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Giant Bomb News


The Boys Bakalar’s GOTY 2022

It’s the first-ever Bakalar & Son version of Game of the Year!

What’s up my gamers? This year I invited my son to participate in the GOTY fun because there’s no one to tell me I can’t. That’s right folks! Nepotism, babyeeeeee!

In reality, his opinion is of increasing relevance, where mine is just… also here.

So let me get my list out of the way so that we can take a look at his, which was hand-written and scanned for your viewing pleasure.

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Wow, a point-and-click game that had me engaged in the year 2022. What kind of ass-backwards bizarro world are we living in? NORCO had its hooks in me out of the gate, because that game gets down to business immediately and drops interesting exposition from the second you hit start.

Plus, I’m a sucker for retrofuturism and robots– mostly because I’m a shallow one-dimensional idiot and only one flavor of cyberpunk dystopia speaks to me anymore.

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9. Stray

I hate cats but enjoyed Stray, go figure. I loved playing this with my kid watching every step of the way because it had him guessing its ending the entire time, and also forced him to face some entry-level existential questions.

For me, the gameplay didn’t really compel me, but instead the interesting world this game allowed us to exist in was worth seeing it all the way through.

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8. Rollerdrome

From its killer art style to its Tony Hawk-meets-a-third-person-shooter controls, Rollerdrome was very much my shit. It’s not perfect though, those controls provided some occasionally frustrating moments and overall the game’s difficulty is a bit out of whack. But Game of The Year is all about titles that left a lasting impression on you and there’s nothing I respect more than a game that delivers on a singular vision.

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7. Neon White

What a supremely original game. I played this for the first time on a Steam Deck on a flight to Mexico not expecting much, but I wound up becoming immediately hooked. My only ding against it was the miles of story in between unlocking levels that just didn’t speak to me.

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6. SpiderHeck

22 hours. That’s how much time I’ve spent playing SpiderHeck in 2022, the majority of it with my kid, as we screamed and laughed through countless level after level of PvP chaos. It’s just a simple game that is simultaneously extremely difficult to master. I hope it continues to evolve and receive support and adds something my kid is desperate for, an option to see replays.

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5. Vampire Survivors

I was fairly late to the Vampire Survivors party, but once I arrived, I fell straight down the rabbit hole. The thing I love about Vampire Survivors is that it makes you think you’re better at this game than anyone else in the world. And while that obviously can’t possibly be true, the game’s ultra-addictive upgrade loop delivers a drip feed of incremental progress all while peppering in some of the most satisfying moments of achievement I think I’ve ever had. What an absolute triumph of player reward.

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4. Tinykin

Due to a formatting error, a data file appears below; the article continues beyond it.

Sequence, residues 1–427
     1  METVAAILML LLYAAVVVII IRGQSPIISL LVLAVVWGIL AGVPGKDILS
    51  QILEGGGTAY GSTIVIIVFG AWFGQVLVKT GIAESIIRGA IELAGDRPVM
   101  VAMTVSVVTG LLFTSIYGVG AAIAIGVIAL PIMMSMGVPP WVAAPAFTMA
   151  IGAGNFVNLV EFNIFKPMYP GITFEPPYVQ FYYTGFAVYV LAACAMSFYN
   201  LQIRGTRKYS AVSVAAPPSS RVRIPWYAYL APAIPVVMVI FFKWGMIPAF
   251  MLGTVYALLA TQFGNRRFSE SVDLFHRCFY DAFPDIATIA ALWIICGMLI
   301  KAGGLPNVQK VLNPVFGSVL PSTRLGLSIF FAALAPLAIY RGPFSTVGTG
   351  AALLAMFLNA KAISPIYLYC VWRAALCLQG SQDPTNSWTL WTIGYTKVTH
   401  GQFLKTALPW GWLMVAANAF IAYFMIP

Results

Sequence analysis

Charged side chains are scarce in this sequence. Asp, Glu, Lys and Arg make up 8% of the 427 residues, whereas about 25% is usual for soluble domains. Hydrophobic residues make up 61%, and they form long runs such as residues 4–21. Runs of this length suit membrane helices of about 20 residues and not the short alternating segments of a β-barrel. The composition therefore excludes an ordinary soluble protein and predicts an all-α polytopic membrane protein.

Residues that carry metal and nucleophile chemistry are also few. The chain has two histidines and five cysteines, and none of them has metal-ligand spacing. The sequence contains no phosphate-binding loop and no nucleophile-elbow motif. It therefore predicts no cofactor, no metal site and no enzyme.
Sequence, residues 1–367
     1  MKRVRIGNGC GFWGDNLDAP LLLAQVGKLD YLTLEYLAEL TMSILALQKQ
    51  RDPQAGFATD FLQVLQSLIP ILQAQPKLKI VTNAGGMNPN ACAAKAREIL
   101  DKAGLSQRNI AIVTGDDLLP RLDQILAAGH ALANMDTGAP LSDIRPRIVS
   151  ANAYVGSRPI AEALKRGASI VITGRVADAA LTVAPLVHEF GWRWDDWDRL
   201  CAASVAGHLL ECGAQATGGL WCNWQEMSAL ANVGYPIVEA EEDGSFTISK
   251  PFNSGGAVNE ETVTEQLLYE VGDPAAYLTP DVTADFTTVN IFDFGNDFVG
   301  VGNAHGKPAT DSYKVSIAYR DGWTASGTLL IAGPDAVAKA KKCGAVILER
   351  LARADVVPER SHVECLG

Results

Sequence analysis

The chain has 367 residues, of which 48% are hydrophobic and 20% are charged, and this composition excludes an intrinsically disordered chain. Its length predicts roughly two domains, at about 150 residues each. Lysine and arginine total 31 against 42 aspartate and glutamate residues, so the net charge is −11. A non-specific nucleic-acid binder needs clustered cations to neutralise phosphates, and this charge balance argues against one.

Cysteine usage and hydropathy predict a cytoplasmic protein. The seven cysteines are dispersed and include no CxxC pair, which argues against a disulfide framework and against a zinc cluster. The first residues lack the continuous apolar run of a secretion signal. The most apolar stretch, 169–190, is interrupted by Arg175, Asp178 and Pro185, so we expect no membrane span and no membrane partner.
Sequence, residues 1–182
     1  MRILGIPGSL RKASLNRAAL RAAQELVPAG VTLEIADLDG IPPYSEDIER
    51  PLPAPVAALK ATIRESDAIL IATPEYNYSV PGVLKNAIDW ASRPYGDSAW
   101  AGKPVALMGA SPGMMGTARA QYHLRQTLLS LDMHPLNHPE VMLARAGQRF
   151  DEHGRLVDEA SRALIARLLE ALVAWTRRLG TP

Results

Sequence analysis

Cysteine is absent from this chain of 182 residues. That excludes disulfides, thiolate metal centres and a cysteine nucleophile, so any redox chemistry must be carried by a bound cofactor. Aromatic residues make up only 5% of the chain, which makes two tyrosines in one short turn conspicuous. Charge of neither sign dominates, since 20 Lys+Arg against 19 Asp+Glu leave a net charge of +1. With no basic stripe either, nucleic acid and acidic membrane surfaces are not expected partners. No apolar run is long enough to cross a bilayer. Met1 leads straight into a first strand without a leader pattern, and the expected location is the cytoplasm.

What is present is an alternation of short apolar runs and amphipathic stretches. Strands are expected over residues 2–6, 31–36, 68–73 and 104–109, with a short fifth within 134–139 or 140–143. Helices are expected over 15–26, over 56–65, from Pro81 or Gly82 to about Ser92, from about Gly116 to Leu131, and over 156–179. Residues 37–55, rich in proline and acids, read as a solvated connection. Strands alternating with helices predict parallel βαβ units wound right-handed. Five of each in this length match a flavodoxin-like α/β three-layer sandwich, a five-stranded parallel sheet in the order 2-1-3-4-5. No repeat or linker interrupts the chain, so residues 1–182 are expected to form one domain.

Tinykin was an unexpected surprise in the best possible way. It took ingredients from games like Pikmin and even Katamari Damacy to deliver a truly compelling package that had my son and I glued. There’s a sense of comfort-gaming in Tinykin. You know exactly what you’re meant to do and sometimes that kind of linearity is a breath of fresh air.

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3. Tunic

Tunic might not be my number one game of the year, but it sure as shit feels like the most important to me. Important because of what it was able to cleverly sneak under the radar– wildly powerful gameplay elements hidden in plain sight. Not to mention the brilliance of the user manual, which took on an arc of its own. I realize it’s entirely possible to have a much less-than-satisfying experience in your playthrough of this one, but mine was brilliant. Also, big shout out to god-mode ability.

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2. God of War Ragnarok

It’s a lot more of God of War 2018 and turns out that’s pretty fucking sick. I guess if you were expecting a truly meaningful evolution of the game since then you’re probably a bit let down, but Ragnorok never promised any of that. Playing through Ragnorok just felt good, and I love being spoiled by its over-the-top production value and super-compelling performances. What else is there to say? I love God of War, I love jaw-dropping games that make me pause it and scream out “how the fuck did they do this?”

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1. Elden Ring

I did a From game you guys! It took me forever but I finally drifted with one of these in a way that let me appreciate what I had been missing and scoffing at for like two decades. Sometimes it takes a while to realize what kind of a piece of shit you’ve been, but it takes a bigger person to admit the error of your ways. Thank you Elden Ring.

But before we close the books on another year of video games, I figured I’d offer my son– the most gamer-ass gamer in my family– the chance to craft his own GOTY list. We were originally gonna record a little podcast talking about the games he picked , but he got an Akedo arena for Hanukkah so instead all I could get out of him was a handwritten list.

Please enjoy:

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